Herbicide scrutiny mounts as resistant weeds spread in U.S.
By Carey Gillam
Sept 22 (Reuters) - Concerns about the world's most popular herbicide continue to mount, as U.S. agricultural experts note spreading weed resistance to glyphosate.
As the key ingredient in Monsanto Co's Roundup herbicide products as well as about 700 other products, glyphosate is widely used on farms as well as residential lawns.
But the chemical has come under increasing scrutiny in recent years in part because scientists and environmentalists have warned that weed resistance to glyphosate has become a significant problem that impacts crop production.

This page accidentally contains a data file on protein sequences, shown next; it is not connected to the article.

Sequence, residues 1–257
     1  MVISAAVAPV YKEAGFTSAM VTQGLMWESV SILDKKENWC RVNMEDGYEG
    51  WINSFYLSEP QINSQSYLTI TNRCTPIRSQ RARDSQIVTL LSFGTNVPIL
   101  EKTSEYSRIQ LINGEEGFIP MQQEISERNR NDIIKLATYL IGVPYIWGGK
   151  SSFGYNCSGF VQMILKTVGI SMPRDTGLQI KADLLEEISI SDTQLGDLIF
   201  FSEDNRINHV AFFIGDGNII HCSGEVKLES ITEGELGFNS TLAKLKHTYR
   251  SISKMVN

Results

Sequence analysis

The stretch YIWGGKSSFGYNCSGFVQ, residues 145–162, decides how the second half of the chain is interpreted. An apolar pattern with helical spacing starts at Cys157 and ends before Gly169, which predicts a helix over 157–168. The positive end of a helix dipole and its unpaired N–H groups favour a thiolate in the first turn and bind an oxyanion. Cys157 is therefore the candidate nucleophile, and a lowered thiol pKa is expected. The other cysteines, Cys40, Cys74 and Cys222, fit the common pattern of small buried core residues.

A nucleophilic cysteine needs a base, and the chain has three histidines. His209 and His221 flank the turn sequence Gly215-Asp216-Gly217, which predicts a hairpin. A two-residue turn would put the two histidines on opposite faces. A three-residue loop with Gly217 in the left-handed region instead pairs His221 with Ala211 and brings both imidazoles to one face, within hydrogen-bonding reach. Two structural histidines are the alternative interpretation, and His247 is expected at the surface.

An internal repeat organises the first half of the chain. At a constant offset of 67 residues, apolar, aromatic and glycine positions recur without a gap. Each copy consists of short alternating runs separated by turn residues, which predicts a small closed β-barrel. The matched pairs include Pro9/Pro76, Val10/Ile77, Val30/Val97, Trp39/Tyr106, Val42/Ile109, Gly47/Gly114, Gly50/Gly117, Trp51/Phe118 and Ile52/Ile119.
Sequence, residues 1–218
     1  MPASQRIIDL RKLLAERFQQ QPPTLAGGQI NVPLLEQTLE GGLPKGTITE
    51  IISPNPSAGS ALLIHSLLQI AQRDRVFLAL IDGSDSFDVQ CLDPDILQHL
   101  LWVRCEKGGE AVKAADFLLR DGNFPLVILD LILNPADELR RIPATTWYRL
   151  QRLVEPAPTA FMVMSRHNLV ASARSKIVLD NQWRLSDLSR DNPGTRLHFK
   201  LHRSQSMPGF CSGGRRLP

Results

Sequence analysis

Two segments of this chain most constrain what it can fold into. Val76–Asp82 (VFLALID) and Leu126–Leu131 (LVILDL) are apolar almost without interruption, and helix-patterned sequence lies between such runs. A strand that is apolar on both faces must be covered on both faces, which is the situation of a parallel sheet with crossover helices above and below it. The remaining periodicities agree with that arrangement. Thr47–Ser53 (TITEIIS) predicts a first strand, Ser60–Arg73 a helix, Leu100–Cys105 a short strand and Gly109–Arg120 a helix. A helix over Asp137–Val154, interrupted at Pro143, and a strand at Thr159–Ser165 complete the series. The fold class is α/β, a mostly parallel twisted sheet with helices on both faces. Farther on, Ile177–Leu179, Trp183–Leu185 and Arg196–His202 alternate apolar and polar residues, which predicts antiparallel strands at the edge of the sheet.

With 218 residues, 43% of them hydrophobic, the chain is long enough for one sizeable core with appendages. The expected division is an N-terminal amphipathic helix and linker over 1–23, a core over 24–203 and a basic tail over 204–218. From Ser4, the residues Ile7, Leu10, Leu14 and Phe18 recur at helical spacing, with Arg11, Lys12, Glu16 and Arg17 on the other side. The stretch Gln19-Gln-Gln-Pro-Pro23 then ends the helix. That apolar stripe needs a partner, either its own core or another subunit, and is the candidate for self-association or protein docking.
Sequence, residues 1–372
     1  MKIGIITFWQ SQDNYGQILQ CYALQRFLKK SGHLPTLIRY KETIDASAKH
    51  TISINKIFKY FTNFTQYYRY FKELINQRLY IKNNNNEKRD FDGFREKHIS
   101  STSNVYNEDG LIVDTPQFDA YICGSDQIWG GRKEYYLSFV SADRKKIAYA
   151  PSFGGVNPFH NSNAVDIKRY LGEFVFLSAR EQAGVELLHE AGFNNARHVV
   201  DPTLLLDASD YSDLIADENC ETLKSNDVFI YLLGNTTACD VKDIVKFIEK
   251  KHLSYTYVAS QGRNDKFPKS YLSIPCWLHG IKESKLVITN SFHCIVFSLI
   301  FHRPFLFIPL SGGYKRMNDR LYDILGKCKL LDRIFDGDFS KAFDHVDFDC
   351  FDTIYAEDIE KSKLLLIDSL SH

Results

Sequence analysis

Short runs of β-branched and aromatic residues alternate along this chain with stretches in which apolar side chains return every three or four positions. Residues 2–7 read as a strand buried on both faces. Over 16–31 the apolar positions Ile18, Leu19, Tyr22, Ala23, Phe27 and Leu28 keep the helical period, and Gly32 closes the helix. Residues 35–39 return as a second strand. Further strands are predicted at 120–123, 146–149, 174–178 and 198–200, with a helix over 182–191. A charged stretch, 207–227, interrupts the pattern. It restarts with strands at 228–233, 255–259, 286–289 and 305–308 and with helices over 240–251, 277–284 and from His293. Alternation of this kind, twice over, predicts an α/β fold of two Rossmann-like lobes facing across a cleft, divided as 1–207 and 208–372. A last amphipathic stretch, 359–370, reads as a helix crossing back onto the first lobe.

In the latest account of glyphosate-resistant weeds, U.S. weed scientist Dallas Peterson said this week that resistance is increasing rapidly in the key farming state of Kansas. The trend is a worrisome sign as weed resistance spreads from the southern U.S. into the Midwest and Plains farming states, he said.
Peterson, who is both a weed scientist at Kansas State University (KSU) and president of the Weed Science Society of America, said Kansas soybean farmers in particular are experiencing weed problems, particularly with a type known as Palmer amaranth. Wet weather along with the weed resistance contributed to the problem, he said.
"It's really kind of exploded," he said.
Farmers in other Midwestern states, including Missouri, Nebraska, and Illinois have reported mounting problems with weed resistance as well.
Weeds can choke off nutrients to crops hurting production, and raise costs for farmers who often use added chemicals or other means to combat the troublesome weeds. Continued...